Minimally invasive autopsies, using a combination of MRI scans and other techniques, such as blood tests, can accurately determine the cause of death in fetuses and babies nearly as well as conventional autopsies, according to new research published in The Lancet.
Post-mortem MRI is currently offered by some medical centres in the UK, but until now, evidence for its accuracy compared to conventional autopsies has been scarce.
The study, led by led by Dr Sudhin Thayyil and Professor Andrew Taylor of University College London and Great Ormond Street Hospital, in London, UK, is the first large-scale study to compare the accuracy of minimally invasive autopsy techniques to conventional full autopsies. The researchers analysed results from 400 fetuses, babies and children who were undergoing autopsy, performing both conventional and minimally invasive autopsies in each case, to establish whether or not the cause of death established by the two autopsy techniques was the same.
For fetuses and babies younger than one year, the minimally invasive autopsy identified the same cause of death as the full autopsy for 92% of the cases studied. For children aged between 1 and 16 years old, the minimally invasive techniques were less accurate, with just over half (54%) of the two types of autopsies of children in this age group agreeing on cause of death. The authors suggest that this is because MRI was unable to detect the infections which were more likely to kill children in this age group.
According to Dr Thayyil and Professor Taylor, "The next step is to establish rigorous criteria which would allow doctors to judge when a minimally invasive autopsy might be appropriate. Information provided by autopsies is important, not just for determining an individual's cause of death, but because it can sometimes answer more detailed questions about recurrence risks, implications for other family members, advancing medical research and knowledge."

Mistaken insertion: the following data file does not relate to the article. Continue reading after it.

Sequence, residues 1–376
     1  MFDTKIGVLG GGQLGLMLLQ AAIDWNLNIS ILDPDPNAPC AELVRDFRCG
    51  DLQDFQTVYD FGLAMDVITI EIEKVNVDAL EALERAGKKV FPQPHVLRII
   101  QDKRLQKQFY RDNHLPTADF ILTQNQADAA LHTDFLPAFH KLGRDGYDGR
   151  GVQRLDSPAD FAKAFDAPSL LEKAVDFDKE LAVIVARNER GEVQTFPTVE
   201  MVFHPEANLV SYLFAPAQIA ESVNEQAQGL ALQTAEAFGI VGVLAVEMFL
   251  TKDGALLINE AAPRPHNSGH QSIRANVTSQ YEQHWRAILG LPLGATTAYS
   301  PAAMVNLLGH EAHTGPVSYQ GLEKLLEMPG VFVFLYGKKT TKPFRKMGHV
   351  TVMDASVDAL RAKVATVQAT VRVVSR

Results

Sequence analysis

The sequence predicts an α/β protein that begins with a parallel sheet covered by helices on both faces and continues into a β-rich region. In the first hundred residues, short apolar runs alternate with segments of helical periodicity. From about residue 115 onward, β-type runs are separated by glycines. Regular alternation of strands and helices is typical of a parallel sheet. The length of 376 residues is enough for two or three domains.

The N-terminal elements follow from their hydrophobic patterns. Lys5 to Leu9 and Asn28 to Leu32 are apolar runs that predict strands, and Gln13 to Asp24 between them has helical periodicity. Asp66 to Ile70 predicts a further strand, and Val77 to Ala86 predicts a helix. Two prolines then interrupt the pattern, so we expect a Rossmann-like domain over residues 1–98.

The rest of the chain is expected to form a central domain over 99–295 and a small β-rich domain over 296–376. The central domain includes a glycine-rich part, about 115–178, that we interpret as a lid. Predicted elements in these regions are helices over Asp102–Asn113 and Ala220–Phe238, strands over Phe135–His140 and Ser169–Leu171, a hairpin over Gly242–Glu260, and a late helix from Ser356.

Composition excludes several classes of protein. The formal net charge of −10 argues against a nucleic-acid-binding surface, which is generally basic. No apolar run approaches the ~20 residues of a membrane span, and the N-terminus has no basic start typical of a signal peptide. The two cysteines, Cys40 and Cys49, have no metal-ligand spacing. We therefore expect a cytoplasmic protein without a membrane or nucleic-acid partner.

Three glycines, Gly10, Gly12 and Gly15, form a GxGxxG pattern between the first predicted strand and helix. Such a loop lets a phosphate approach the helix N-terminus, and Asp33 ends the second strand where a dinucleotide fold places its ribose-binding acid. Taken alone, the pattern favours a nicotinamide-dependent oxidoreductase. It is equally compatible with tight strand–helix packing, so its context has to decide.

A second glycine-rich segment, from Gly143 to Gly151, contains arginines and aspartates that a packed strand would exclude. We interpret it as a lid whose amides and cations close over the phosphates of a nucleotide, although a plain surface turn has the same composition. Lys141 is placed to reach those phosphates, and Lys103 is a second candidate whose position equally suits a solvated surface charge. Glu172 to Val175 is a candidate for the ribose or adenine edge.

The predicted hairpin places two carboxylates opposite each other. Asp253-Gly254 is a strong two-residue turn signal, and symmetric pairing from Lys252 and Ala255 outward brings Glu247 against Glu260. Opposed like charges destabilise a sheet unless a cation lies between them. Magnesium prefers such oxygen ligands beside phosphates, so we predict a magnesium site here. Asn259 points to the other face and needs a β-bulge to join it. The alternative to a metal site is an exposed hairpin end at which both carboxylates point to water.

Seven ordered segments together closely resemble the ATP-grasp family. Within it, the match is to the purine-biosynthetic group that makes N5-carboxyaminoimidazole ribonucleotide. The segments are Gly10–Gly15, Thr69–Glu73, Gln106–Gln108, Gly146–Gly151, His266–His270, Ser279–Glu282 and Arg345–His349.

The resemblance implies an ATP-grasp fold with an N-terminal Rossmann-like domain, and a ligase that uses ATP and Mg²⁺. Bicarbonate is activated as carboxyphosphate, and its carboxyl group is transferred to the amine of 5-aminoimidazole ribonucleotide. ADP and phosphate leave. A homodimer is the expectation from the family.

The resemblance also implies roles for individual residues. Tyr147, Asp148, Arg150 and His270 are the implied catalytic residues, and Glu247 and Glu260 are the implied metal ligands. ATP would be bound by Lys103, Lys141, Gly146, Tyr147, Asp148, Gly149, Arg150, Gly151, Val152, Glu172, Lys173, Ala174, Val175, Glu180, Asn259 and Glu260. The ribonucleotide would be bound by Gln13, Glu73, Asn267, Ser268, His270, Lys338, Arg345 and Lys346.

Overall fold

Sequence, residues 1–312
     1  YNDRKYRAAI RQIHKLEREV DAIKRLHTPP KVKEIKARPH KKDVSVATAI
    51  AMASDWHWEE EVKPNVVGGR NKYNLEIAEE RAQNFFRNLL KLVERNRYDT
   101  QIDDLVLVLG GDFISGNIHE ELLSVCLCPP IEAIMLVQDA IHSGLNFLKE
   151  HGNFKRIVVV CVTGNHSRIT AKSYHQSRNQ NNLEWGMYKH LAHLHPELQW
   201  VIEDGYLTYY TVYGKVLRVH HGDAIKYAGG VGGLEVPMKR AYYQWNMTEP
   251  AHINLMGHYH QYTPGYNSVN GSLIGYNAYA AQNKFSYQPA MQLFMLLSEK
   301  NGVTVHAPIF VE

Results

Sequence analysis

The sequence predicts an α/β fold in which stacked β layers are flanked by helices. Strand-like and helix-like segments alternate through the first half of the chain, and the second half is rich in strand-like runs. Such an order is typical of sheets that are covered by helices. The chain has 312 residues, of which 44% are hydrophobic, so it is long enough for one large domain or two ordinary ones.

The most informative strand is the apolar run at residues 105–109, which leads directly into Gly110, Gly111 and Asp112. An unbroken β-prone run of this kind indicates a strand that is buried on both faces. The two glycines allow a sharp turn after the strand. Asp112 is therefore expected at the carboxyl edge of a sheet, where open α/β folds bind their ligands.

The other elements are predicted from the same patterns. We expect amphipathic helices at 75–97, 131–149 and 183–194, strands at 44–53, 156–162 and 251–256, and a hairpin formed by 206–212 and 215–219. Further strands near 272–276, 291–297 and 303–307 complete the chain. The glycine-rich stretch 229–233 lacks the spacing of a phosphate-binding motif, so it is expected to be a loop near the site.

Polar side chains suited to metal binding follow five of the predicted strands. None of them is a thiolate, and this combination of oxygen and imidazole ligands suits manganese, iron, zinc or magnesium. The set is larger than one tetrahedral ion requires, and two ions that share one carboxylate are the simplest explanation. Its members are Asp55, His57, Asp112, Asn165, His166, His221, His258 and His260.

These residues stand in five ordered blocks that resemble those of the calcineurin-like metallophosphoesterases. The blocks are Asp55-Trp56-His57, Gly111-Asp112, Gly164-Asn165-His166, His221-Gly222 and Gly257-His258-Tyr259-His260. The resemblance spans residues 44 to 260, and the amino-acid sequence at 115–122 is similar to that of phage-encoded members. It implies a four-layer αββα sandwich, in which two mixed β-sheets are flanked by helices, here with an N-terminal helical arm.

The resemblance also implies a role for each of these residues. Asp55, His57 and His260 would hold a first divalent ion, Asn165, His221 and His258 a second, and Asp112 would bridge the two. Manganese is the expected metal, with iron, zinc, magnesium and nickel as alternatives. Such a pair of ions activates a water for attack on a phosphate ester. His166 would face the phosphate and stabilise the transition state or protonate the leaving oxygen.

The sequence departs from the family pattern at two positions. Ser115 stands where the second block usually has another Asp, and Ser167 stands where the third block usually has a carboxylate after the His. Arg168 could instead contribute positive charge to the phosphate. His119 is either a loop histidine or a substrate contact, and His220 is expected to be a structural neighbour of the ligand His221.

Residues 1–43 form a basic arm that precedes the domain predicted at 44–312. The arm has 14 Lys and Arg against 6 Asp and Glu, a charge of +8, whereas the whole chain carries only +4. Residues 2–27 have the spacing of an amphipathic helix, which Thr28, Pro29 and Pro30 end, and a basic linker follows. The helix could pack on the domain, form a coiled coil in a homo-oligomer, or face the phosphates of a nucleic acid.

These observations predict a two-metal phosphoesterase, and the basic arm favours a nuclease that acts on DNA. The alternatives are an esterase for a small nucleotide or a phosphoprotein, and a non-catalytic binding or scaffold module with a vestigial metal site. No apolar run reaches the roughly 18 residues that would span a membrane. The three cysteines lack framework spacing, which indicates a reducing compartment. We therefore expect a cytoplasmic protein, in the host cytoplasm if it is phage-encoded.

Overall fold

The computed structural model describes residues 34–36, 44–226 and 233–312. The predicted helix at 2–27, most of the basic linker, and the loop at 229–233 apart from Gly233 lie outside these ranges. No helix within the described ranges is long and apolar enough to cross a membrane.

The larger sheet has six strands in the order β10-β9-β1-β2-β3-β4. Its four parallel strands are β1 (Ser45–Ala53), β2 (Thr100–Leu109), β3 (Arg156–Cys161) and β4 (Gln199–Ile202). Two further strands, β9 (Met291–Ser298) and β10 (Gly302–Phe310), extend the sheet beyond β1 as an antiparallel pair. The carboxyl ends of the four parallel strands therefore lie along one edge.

Consent rates for child autopsies in the UK have declined in recent years (from 55% in 2000 to 45% in 2007 for fetuses, and from 28% to 21% for newborn babies), despite increases in the number of parents offered autopsy. Parental objection was the main cause for an autopsy not being done, so the researchers hope that minimally invasive techniques may offer a more acceptable alternative to conventional autopsy in fetuses and some children.
In a linked Comment, Corinne Fligner and Manjiri Dighe of the University of Washington Medical Centre, Seattle, USA, say that, "Crucial to success of an integrated post-mortem diagnostic programme will be clear performance standards, regular audits, physician training, and sufficient and stable funding to attract, train, and retain specialists and provide state-of-the-art resources for radiology and pathology."
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